How do you get all your IT staff to be on the same page quickly and effectively in terms of conforming and enhancing the ITIL 4 PRACTICES? The Problem-solving for ITIL® methodologies can help with this. This methodology is the “how-to” for many of the ITIL practices, dimensions, and guiding principles. We can help with…

Read More

ITIL 4 has evolved from the previous Life Cycle Model to a Service Value System and the Service Value Chain Activities. With this came the introduction of Guiding Principles, Four Dimensions, Governance, and Practices. The various practices embodied in General Management, Service Management, and Technical Management Services have become more professional and rely heavily on…

Read More

One of the key ideas of the new ITIL 4 approach is to create value together. Creating value in collaboration with both your suppliers/vendors and customers. The key is to have the “chain of development and delivery” as strong as possible. In the old days, we generally expected the Supplier/Vendor to be the Solution Provider…

Read More

“Most of our Incidents are TOO COMPLEX for these techniques!” We get this ‘excuse’ a lot of times when workshop participants are attending our workshops. I get it! It is difficult to try something new when everybody else is watching; especially if it is a Priority 1 incident. The reason why this is happening is that…

Read More

It does not matter how good your planning is or how well you’ve put your project plan together, there will always be unforeseen circumstances that need to be resolved! This is the eight blog by Mat-Thys in the series “Managing Projects: The Forgotten Art Of Influencing People To Get Results” The problem-solving process is normally…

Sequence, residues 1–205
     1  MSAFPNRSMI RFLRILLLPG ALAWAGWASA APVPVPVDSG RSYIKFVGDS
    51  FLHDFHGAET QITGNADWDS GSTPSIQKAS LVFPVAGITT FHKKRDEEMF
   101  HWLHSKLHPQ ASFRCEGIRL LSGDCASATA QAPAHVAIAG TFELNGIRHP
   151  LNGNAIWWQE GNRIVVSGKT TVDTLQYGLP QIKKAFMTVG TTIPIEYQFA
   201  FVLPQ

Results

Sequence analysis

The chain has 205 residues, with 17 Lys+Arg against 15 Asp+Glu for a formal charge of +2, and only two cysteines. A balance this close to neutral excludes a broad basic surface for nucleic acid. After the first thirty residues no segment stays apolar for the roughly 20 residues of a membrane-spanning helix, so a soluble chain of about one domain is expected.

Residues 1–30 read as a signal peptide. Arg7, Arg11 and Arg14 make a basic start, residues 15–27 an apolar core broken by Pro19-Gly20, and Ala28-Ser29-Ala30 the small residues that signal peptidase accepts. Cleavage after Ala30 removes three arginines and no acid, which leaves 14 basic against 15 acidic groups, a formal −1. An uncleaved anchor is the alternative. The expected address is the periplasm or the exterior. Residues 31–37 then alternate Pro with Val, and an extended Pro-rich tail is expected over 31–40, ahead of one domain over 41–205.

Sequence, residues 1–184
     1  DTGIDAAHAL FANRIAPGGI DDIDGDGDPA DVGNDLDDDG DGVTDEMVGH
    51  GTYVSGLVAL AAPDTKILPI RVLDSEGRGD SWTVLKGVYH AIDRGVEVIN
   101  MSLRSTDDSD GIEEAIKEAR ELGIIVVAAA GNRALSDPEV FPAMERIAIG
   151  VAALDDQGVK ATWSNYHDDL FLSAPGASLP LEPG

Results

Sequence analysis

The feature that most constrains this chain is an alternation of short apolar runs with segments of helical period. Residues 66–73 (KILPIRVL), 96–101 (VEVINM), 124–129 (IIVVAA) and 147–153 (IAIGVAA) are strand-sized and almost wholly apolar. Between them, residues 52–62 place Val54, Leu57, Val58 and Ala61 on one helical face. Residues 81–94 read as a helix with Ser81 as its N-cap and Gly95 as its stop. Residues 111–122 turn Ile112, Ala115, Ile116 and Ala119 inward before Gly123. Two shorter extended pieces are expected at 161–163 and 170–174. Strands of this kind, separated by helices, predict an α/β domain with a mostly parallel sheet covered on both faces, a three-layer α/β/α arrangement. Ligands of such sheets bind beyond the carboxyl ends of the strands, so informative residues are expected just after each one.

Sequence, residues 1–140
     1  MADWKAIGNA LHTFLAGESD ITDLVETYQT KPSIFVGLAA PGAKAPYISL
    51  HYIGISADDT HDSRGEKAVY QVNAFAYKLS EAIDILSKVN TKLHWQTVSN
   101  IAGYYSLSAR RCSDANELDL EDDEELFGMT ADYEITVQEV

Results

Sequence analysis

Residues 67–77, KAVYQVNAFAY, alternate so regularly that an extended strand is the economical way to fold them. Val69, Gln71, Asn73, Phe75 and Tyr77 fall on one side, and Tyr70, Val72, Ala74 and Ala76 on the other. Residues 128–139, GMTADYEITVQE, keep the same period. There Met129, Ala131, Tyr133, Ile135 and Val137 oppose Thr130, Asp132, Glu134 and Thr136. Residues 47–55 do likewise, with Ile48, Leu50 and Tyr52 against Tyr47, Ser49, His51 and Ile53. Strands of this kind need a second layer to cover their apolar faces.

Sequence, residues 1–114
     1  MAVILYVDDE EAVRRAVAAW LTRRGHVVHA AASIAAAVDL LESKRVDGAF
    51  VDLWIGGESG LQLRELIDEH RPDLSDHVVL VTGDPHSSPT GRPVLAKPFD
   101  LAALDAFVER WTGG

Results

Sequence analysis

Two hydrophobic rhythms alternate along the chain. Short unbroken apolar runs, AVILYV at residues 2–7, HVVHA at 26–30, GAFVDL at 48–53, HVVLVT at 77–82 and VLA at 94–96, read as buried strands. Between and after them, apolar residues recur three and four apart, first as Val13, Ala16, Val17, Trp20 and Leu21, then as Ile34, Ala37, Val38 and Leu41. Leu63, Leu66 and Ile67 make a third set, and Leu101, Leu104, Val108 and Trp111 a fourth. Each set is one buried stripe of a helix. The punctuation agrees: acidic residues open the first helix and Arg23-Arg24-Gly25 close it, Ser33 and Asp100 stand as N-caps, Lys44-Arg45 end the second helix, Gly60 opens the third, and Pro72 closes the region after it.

Read More

Whenever we get involved with a team to help them to rescue their project, we quickly encounter the term “not aligned.” I mean this happens 100% of the time, which means there is always an element of misalignment. Here are a few examples: Misalignment of the customer’s expectations to those of the project team. In…

Read More

Whenever something goes wrong in a project’s performance it is often blamed on “scope creep.” Scope creep has become such a familiar feature in project management that it is mostly accepted as the correct reason and even worse, being accepted as a fact of project life. The prevailing belief is that it cannot be helped,…

Read More

It is difficult to get teams to collaborate under normal Management situations, let alone having to collaborate effectively in a multifaceted and time pressurized DevOps situation. I have personally found in DevOps problem-solving situations it is really effective to ask the question “What makes sense?” “What makes sense?” I am sure you would be surprised…

Read More

It is a serious mistake to assume that all resources allocated to your project are equally motivated to see your project becoming a success. It could be possible that a critical resource does not have any insight or interest in your project whatsoever and they are one of the resources to deliver a critical component…

Read More